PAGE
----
Population Health

January 18, 2023

Spotlight: Akhtar Badshah’s passion for social impact

Image of Akhtar BadshahA chance encounter nearly 20 years ago sparked what has become Akhtar Badshah’s passion for the topics of social impact, social innovation and social entrepreneurship.

Now a lecturer at the University of Washington’s Evans School of Public Policy & Governance, Badshah’s first passion was architecture. He spent his formative professional years at the Massachusetts Institute of Technology (MIT), first to earn his Master of Science in Architecture Studies and Ph.D. in Environmental Studies, and then as an instructor of architecture.

Badshah’s interest in social impact was first piqued when he moved to Seattle in 1998 with his wife, who had taken a job at Microsoft. He had already been viewing with concern the growing digital divide as technological advancements were escalating at a quick pace. A chance encounter with Craig Smith, who founded Digital Partners Foundation to focus on uplifting, funding and supporting entrepreneurs across the world who were using technology to empower people in an entrepreneurial way, led Badshah to pivot the direction of his career by joining and eventually running the Foundation.

In 2004, Badshah moved to Microsoft where he spent 10 years as the senior director of citizenship and public affairs. In this role, he led Microsoft’s philanthropic efforts by managing the company’s community investments and employee giving program. He was instrumental in launching both Unlimited Potential and Youth Spark, the company’s focus to bring digital technology to underserved communities and youth all over the world.

Badshah recently published a book, Purpose Mindset: How Microsoft Inspires Employees and Alumni to Change the World, which tells the story of how Microsoft launched, nurtured and continues to foster a corporate culture of giving amongst its employees.

“My goal [in writing this book] is to get every single person in the world to move beyond a growth mindset to crafting a purpose statement for themselves,” he said. “Purpose is the why. The why you want to exist, and how you can channel it to make a positive impact on society.”

In 2015, Badshah received an offer to teach at the University of Washington, a role in which he continues today. He is currently a distinguished practitioner and lecturer at the Evans School of Public Policy & Governance, and also adjunct faculty at the UW Bothell School of Business and a faculty advisor at the START Center in the Department of Global Health.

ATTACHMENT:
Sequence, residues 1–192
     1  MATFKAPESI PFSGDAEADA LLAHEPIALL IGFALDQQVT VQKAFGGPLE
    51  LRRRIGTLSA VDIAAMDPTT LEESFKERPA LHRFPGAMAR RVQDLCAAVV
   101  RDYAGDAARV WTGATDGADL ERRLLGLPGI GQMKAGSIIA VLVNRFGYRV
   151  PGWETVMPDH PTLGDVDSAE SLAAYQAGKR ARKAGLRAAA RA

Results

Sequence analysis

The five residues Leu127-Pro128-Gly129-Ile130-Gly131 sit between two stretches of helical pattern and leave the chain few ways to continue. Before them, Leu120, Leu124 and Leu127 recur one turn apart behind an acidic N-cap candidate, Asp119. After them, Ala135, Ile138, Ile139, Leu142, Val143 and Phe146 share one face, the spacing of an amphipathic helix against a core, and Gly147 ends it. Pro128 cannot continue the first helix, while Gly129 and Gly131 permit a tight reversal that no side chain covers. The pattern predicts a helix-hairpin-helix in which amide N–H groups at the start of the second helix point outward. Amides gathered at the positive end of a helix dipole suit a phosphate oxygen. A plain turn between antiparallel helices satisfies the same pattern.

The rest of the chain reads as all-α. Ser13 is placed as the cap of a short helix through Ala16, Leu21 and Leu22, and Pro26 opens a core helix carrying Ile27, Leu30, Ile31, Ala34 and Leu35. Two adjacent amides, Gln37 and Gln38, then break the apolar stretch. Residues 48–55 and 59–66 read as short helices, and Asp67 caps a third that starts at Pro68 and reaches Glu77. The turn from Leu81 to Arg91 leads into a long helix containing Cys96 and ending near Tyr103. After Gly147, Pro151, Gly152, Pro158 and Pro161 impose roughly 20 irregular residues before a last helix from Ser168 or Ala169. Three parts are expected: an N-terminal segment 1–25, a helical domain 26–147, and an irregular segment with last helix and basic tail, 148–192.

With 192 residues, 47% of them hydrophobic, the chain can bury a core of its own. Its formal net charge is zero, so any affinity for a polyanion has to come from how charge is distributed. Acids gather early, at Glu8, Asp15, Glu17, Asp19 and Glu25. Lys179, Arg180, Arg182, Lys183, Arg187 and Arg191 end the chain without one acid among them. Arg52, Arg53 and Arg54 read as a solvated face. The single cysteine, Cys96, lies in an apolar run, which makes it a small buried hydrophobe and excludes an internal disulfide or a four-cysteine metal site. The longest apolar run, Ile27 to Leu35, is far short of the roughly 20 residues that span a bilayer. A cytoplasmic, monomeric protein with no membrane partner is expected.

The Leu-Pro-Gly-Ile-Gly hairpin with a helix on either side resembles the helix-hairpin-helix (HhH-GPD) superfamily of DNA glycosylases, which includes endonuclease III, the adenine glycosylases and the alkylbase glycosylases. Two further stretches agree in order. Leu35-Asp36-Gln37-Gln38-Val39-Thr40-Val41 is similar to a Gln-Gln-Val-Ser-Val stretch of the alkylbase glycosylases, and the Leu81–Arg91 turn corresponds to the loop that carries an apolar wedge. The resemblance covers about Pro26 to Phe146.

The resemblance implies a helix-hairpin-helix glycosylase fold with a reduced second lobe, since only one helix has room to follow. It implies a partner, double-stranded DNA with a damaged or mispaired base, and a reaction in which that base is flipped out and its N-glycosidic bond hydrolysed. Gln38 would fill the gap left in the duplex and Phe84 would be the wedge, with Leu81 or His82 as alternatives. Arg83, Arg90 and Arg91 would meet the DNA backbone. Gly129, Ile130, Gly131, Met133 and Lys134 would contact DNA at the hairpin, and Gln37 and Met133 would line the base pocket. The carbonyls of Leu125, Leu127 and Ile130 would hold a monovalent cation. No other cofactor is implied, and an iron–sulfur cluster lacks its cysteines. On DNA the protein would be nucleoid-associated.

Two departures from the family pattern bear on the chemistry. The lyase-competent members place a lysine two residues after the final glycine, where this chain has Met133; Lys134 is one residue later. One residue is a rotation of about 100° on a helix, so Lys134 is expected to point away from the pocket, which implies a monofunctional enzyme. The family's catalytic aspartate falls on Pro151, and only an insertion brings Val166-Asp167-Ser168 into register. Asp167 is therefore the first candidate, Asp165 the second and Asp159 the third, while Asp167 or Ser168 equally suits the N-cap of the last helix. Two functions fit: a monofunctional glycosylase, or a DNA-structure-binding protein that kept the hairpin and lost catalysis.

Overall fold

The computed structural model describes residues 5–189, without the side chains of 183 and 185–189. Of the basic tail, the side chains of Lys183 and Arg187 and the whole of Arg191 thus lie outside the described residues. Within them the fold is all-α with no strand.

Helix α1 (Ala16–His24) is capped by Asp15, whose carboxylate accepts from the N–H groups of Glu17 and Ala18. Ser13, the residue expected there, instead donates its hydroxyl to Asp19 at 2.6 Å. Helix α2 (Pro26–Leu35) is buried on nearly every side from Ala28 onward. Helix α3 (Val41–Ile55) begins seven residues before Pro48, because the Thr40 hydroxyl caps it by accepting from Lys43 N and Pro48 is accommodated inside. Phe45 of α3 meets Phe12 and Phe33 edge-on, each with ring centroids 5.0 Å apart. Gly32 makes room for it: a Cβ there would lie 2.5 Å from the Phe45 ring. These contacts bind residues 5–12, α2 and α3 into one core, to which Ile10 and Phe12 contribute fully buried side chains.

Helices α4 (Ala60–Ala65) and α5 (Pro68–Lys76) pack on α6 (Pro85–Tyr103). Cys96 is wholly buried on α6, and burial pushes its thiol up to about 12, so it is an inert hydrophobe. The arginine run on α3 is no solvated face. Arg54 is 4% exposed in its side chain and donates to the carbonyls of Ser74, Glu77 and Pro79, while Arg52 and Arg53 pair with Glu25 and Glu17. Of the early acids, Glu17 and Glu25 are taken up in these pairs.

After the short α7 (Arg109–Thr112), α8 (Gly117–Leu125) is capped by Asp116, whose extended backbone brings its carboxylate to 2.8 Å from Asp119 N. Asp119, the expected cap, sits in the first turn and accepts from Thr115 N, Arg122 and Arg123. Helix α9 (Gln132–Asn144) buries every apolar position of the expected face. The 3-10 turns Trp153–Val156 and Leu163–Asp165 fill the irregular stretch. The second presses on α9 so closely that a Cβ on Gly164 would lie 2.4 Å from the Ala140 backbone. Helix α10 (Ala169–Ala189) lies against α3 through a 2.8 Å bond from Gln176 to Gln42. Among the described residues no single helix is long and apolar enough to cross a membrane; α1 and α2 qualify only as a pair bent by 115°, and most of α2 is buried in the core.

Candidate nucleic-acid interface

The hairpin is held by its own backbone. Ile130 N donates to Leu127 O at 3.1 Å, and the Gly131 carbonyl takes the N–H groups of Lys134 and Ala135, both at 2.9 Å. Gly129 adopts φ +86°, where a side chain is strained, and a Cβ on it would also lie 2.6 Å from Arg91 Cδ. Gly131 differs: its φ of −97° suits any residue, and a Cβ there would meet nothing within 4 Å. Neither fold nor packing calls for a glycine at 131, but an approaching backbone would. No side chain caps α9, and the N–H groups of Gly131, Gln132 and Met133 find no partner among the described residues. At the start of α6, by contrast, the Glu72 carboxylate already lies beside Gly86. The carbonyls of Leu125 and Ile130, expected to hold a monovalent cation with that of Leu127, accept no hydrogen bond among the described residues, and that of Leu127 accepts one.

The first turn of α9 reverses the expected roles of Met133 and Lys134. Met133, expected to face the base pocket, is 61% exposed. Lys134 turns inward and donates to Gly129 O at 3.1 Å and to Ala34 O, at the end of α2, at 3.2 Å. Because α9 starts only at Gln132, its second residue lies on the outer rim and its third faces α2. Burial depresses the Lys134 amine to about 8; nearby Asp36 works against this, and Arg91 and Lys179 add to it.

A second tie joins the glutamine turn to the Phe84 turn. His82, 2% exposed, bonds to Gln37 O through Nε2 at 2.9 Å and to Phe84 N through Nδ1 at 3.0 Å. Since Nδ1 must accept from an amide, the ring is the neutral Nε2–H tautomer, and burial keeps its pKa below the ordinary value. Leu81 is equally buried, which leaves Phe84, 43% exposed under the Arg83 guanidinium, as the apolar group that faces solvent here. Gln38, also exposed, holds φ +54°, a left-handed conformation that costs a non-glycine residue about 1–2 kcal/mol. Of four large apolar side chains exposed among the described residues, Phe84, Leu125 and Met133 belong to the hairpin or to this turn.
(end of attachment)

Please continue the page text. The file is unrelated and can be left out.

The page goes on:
“I’m kind of this free flower who teaches whatever I want to teach,” he shared “It’s become space where I thrive.”

Badshah has been a partner to the Population Health Initiative since 2018. He first got connected to the initiative through a colleague who asked to collaborate on building the initiative’s Social Entrepreneurship Fellowship program. The summer fellowship is open to current UW graduate students interested in learning how best to deploy social enterprise models for innovations developed by University of Washington researchers.

Badshah also has received research funding from the initiative through a COVID-19 economic recovery grant for his project, “Restart Washington Safely.” The goal of the project was to design and implement effective, science-based statewide strategies to safely restart Washington state’s economy.

“There is an opportunity for students at the university, through the Population Health Initiative, to think of a holistic picture of humankind and the planet that we serve,” he said. “How do we shift the narrative from ‘profit’ to ‘planet, people, profit’?”

Beyond teaching and research, Badshah also maintains an active consulting practice outside of the UW. He is the Chief Catalyst at Catalytic Innovators Group, where he advises organizations and individuals to catalyze their strategy focused on social and philanthropic investments.

When asked to reflect on some of his most impactful moments at the UW, Badshah said teaching Honors students has been a highlight.

“It’s astounding to see how purposeful students are, and my interactions with these young minds have been dynamic and gives me hope,” he said. “They don’t just take whatever I tell them at face value they question; they challenge, and it’s nice to see that UW has a student body that is constantly challenging the status quo.”